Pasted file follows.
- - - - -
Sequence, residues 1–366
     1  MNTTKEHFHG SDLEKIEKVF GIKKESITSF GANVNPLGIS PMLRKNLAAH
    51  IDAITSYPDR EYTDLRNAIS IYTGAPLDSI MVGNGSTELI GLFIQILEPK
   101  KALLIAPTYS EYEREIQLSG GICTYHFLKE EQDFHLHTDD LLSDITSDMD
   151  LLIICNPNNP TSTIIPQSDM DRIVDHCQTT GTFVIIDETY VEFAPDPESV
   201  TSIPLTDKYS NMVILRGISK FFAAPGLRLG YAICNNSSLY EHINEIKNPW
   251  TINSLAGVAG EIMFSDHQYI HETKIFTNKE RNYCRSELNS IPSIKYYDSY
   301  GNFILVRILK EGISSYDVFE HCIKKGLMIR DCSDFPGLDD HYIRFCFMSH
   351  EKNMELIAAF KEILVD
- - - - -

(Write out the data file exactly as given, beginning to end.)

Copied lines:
Sequence, residues 1–366
     1  MNTTKEHFHG SDLEKIEKVF GIKKESITSF GANVNPLGIS PMLRKNLAAH
    51  IDAITSYPDR EYTDLRNAIS IYTGAPLDSI MVGNGSTELI GLFIQILEPK
   101  KALLIAPTYS EYEREIQLSG GICTYHFLKE EQDFHLHTDD LLSDITSDMD
   151  LLIICNPNNP TSTIIPQSDM DRIVDHCQTT GTFVIIDETY VEFAPDPESV
   201  TSIPLTDKYS NMVILRGISK FFAAPGLRLG YAICNNSSLY EHINEIKNPW
   251  TINSLAGVAG EIMFSDHQYI HETKIFTNKE RNYCRSELNS IPSIKYYDSY
   301  GNFILVRILK EGISSYDVFE HCIKKGLMIR DCSDFPGLDD HYIRFCFMSH
   351  EKNMELIAAF KEILVD